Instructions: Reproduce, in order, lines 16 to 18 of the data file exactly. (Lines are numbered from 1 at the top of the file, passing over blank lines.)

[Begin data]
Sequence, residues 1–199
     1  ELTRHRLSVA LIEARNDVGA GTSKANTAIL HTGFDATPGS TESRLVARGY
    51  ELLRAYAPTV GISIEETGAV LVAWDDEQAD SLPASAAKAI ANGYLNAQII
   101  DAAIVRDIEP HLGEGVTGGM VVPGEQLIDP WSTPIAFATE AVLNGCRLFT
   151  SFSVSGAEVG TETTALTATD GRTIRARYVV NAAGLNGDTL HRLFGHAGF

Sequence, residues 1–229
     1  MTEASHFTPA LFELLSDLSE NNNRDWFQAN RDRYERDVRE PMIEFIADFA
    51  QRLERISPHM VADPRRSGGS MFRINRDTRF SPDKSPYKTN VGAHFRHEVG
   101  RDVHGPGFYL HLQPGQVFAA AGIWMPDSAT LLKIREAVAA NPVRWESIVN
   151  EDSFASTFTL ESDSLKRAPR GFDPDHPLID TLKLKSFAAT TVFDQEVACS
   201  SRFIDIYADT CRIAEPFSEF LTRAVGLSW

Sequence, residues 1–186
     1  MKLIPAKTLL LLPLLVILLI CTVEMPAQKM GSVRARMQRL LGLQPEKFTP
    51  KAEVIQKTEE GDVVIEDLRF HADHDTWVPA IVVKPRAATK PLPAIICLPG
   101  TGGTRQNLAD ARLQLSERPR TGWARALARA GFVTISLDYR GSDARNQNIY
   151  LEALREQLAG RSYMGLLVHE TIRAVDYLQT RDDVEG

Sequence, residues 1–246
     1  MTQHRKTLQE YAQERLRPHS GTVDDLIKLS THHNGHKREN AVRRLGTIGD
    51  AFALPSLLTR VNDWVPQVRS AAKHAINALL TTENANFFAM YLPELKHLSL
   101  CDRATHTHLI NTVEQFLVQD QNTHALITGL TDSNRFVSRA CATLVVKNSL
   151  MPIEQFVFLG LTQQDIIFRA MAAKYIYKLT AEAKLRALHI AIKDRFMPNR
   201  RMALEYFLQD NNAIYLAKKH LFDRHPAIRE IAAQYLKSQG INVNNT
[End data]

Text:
   151  LEALREQLAG RSYMGLLVHE TIRAVDYLQT RDDVEG

Sequence, residues 1–246
     1  MTQHRKTLQE YAQERLRPHS GTVDDLIKLS THHNGHKREN AVRRLGTIGD